Competitive women’s tennis died forty years ago. At least, it was supposed to have. Mere months after (then) Bruce Jenner set world records in the 1976 Olympic decathlon, a 42-year old ophthalmologist and semi-pro tennis player named Renée Richards applied to play in the US Open Women’s tournament. The wrinkle was that she was transsexual and refused to be subjected to chromosome testing. No helpful precedent existed. Athletes, officials and the sports media all expressed fears of unfair advantage. Her application was denied, and she sued the US Tennis Association, ultimately winning her case in the New York Superior Court. In 1977, she reapplied and was accepted to play in the Open, where she lost to Virginia Wade in the first round. She lingered in pro tennis for a few years, but left a substantially larger mark on the culture than she ever did in the record books.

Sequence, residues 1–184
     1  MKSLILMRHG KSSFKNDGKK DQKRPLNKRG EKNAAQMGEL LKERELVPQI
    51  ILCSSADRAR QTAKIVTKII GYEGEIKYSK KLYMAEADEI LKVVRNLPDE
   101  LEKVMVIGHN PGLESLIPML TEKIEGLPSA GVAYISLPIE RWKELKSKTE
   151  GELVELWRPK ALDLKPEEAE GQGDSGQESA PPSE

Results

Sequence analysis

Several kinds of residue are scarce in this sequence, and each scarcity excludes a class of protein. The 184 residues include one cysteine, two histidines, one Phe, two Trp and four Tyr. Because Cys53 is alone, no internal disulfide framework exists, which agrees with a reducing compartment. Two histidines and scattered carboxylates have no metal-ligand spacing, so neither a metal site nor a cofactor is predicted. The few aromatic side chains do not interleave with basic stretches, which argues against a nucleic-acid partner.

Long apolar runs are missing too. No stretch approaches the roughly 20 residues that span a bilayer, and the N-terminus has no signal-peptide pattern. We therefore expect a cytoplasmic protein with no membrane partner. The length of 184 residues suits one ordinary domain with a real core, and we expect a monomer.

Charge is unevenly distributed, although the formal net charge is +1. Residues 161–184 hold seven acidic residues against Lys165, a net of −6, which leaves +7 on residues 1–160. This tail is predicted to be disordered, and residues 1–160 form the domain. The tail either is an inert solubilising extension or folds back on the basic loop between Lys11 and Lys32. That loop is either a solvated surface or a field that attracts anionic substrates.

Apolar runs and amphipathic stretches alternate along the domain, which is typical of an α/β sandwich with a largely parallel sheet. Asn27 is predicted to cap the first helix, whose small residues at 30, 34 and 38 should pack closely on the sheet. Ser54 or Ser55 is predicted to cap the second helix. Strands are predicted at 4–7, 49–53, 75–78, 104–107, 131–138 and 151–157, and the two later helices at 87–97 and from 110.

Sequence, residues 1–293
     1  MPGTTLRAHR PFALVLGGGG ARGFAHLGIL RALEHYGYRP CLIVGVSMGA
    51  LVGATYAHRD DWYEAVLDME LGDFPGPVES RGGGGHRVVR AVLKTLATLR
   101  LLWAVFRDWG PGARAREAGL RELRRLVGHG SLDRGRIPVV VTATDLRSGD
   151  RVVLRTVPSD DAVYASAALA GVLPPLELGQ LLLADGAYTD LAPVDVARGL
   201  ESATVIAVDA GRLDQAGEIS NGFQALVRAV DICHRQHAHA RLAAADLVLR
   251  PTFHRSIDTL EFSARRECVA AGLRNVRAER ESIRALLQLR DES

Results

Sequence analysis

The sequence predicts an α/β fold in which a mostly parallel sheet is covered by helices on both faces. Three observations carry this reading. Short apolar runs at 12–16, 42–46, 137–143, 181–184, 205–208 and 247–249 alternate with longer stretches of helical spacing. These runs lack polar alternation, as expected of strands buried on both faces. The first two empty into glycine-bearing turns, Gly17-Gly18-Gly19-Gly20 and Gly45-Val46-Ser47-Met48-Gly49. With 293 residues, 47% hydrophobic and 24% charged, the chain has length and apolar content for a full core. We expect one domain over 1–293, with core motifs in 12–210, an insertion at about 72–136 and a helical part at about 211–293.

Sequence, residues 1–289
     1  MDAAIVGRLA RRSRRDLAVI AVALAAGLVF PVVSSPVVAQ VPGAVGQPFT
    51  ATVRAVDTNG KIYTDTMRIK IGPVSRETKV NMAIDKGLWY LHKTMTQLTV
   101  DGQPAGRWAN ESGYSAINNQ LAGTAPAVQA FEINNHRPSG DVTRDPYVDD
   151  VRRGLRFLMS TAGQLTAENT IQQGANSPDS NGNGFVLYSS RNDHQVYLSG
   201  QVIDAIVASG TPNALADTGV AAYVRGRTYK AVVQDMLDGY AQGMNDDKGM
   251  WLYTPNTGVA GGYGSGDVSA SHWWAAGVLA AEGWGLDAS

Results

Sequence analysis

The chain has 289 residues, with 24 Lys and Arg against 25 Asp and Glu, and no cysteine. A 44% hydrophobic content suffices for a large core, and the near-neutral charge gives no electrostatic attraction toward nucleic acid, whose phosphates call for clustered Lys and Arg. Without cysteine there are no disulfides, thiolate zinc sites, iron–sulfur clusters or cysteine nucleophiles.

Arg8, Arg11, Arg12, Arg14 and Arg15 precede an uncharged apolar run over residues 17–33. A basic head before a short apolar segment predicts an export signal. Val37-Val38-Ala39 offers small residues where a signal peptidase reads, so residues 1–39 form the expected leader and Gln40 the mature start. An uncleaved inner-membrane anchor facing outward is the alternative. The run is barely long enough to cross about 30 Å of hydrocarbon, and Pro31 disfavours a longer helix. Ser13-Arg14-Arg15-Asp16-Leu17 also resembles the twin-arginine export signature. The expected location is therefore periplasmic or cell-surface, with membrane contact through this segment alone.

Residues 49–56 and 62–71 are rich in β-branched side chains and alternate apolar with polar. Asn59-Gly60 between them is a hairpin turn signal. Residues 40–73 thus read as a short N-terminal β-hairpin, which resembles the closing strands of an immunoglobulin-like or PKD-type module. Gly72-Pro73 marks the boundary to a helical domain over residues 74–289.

The conversation that Dr. Richards started has, if anything, intensified over the last ten years. The carnival came to my neck of the woods last year when the Minnesota State High School League debated what rules ought to apply to transgender athletes. The above picture was part of an advertising blitz by “family” groups to block transgender participation in high school athletics. The MSHSL ultimately decided to adopt rules similar to those laid out by the International Association of Athletics Federations, which I will summarize below. First, however, I would like to lay out the arguments for and against allowing transgender athletes to compete.